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Educational investing

college debt

My best advice when it comes to saving for education costs: Save for yourself first.

Put money into college savings only if you have a handle on your own retirement. Grandkids and kids will be able to work and take out student loans to pay for college. But you cannot borrow money to pay for retirement.

For younger parents who insist on trying to do both, I suggest considering a Roth IRA.

The Roth IRA is a tax-advantaged retirement account that lets you withdraw contributions (after five years) for a variety of circumstances, including qualified education expenses.

It’s like killing two birds with one stone. Of course, if you do take from your Roth IRA for school expenses, you are reducing your retirement fund.

More about Roth IRAs from the Internal Revenue Service

Otherwise – once your retirement fund is in order – you need to know about the options available for tucking away money for school. A few options offer tax advantages.

Coverdell Education Savings Account

Formerly called the Education IRA, the Coverdell allows tax-qualified withdrawals for certain education expenses at the elementary- and secondary school levels as well as for higher education.

Contributions are not allowed for a beneficiary over 18, so Coverdells make sense for parents saving for private elementary school or private high school.

A Coverdell must be used before the beneficiary is 30 years old, but the account owner has the option of replacing the beneficiary with a family member still under age 30.

Because the total contribution for any beneficiary is capped at $2,000 per calendar year, depending on the contributor’s modified adjusted gross income, many savers prefer the 529 College Savings Plan.

More about Coverdells from the Internal Revenue Service
529 College Savings Plan

The 529 is operated by a state with varying tax advantages and other potential incentives to save for post-secondary education.

The 529 accounts grow tax-deferred with tax-free distributions, as long as they’re applied to qualified college-related expenses. Depending on the state’s plan, some of the money contributed to a 529 could be tax deductible in that state.

One huge advantage over Coverdells is that the 529 allows much larger amounts of money to be saved. Many plans have contribution limits in excess of $250,000. And generally there are no income limitations on the donor.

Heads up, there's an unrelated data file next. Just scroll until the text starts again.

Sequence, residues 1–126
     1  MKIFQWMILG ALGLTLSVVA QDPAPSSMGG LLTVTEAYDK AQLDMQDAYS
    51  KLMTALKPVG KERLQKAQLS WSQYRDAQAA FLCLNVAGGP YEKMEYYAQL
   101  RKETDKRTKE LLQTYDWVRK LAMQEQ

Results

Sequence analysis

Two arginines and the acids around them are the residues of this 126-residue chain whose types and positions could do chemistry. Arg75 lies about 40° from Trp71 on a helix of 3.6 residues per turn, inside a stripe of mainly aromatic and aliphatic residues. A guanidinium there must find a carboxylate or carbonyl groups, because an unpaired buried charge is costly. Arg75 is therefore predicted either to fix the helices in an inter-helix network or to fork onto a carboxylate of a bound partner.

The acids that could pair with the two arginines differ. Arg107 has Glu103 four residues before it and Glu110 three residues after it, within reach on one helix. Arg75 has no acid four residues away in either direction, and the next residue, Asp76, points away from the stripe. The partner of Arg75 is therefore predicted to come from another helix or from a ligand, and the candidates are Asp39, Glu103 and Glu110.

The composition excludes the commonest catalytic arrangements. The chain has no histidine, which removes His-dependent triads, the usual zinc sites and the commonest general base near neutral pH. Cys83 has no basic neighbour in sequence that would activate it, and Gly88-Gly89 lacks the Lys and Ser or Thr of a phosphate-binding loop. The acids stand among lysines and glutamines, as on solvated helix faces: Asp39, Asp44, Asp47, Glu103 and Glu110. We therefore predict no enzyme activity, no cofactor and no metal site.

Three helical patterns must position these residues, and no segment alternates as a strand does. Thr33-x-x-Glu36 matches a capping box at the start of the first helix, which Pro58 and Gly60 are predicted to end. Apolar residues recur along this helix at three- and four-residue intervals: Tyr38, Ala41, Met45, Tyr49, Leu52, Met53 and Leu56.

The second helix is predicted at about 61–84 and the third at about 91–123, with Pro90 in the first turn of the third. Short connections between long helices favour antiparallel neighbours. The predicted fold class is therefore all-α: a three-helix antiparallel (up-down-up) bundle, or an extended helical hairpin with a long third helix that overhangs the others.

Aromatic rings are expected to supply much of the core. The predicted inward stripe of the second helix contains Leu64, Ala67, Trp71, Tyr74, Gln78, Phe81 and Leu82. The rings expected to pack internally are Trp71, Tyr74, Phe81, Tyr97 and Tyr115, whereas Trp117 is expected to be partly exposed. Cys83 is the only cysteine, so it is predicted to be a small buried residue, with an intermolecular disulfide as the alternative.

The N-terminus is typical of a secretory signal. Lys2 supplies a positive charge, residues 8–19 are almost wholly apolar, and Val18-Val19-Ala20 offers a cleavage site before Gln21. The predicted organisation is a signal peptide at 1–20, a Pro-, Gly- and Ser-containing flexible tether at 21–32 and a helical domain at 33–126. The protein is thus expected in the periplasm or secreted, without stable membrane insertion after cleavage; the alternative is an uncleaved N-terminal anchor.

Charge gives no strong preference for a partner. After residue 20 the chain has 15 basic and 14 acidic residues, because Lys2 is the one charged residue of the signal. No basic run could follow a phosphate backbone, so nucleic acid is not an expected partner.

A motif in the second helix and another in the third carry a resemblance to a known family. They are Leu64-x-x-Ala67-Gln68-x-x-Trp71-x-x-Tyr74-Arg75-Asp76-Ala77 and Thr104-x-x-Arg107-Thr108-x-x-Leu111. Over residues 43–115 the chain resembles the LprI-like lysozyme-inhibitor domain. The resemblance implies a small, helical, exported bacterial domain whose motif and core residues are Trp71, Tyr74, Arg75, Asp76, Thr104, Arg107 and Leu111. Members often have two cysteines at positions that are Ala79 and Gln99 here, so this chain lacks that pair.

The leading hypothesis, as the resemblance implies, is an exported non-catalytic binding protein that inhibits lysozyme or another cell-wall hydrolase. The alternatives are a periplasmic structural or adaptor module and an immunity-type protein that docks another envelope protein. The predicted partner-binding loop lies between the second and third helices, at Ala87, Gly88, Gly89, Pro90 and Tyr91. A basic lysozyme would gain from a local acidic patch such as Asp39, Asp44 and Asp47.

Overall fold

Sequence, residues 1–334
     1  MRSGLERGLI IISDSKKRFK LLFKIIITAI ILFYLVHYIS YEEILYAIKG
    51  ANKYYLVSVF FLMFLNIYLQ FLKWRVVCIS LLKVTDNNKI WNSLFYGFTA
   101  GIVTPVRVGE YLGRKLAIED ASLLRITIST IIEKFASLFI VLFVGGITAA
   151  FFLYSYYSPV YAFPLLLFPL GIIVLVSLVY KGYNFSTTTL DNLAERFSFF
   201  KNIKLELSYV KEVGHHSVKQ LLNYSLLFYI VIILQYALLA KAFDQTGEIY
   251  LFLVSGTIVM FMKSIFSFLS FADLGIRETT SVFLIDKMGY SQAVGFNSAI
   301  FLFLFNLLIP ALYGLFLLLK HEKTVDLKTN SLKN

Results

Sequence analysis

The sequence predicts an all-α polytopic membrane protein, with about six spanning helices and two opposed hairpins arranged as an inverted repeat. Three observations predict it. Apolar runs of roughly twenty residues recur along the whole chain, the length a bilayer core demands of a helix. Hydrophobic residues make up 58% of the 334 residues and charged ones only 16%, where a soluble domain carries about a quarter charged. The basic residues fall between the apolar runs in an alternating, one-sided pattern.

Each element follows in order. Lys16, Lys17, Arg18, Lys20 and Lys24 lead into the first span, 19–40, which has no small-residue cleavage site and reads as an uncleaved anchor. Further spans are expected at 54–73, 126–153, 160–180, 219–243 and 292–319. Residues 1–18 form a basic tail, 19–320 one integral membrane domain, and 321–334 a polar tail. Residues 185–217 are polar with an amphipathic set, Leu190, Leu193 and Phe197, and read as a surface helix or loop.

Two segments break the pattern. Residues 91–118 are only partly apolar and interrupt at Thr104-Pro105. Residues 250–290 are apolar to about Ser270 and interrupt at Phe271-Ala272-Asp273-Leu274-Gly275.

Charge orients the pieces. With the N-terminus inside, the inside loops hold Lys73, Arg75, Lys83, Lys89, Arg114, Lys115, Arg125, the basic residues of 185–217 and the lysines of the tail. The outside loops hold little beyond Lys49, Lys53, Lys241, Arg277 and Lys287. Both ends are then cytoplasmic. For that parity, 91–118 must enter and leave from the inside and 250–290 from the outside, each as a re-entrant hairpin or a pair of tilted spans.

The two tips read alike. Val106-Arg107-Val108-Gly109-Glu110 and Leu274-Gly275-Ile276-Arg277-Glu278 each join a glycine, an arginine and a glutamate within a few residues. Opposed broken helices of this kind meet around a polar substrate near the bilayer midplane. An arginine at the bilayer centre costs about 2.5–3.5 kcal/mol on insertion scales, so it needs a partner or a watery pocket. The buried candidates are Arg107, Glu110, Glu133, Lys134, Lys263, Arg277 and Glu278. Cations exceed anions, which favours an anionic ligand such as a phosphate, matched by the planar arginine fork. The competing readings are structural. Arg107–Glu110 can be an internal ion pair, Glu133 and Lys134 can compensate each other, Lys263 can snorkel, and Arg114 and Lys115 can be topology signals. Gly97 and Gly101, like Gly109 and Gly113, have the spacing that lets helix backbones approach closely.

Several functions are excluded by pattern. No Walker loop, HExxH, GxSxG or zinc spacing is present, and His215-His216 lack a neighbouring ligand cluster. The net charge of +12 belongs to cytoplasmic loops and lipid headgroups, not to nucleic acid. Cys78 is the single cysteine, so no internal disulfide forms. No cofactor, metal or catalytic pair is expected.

Similar to the Coverdell, the 529 allows account holders to designate another family member as beneficiary, providing more flexibility and control.

College investing strategy
To lower the risk of losing college funds when the student needs them, plan to gradually shift weight from stocks to bonds as the student advances through  high school.

Another feature is the ability to fast-forward contributions. A donor could make up to five years’ worth of 529 contributions at once. With the current gift tax exclusion at $14,000 per year per donor, a couple of grandparents could get $70,000 out of their estate.

In federal calculations for need-based financial aid, 529 plans held by the parents of a college student are treated as parents’ assets, which count less against eligibility than if they belonged to the student.

If a grandparent or someone other than the parent or student owns the 529 account, the assets are not included on the federal aid application. However, distributions are considered as income for the student and count against the student’s financial needs.

For this reason, I typically suggest the 529 plan be held in a parent’s name, in which case money distributed for education expenses is not included in the financial aid calculation. Grandparents and anyone else can still add to the account.

More about 529 plans from the Internal Revenue Service
Uniform Transfer to Minors Account – UTMA

These flexible accounts are not restricted to education expenses, and they don’t have income or contribution limits. But they do cede control to the beneficiary at the age of majority (18 to 25, depending on the state).

The only restriction on UTMA withdrawals is that the money be used for the benefit of the minor.

UTMAs make sense if an account custodian plans to fund non-education related expenses for the child or is looking to lower income taxes by shifting liability to the minor. Custodians also can lower the size of their estate by taking advantage of the annual gift tax exclusion, which in 2014 is $14,000 per year per donor.

Please keep in mind that an UTMA is an outright gift to the minor and is irrevocable. Unlike a 529 or Coverdell, you cannot change the beneficiary.

A potential drawback is that the UTMA weighs more heavily against students on financial aid applications because it counts as an asset of the student.

The UTMA, Coverdell and 529 each offers varying advantages for saving for education. Just make sure you keep your priorities straight when you’re planning to put aside money for your children and grandchildren.

Your first focus should be on putting your retirement plan in order. If you are already retired, ask yourself if your income is sufficient. If you are still saving, are you ahead of pace to maintain your standard of living at retirement? If so, then all three accounts, for different reasons, may be worth a look.

Steve Giles is a vice president and advisor at Landaas & Company.

(initially posted March 21, 2014)

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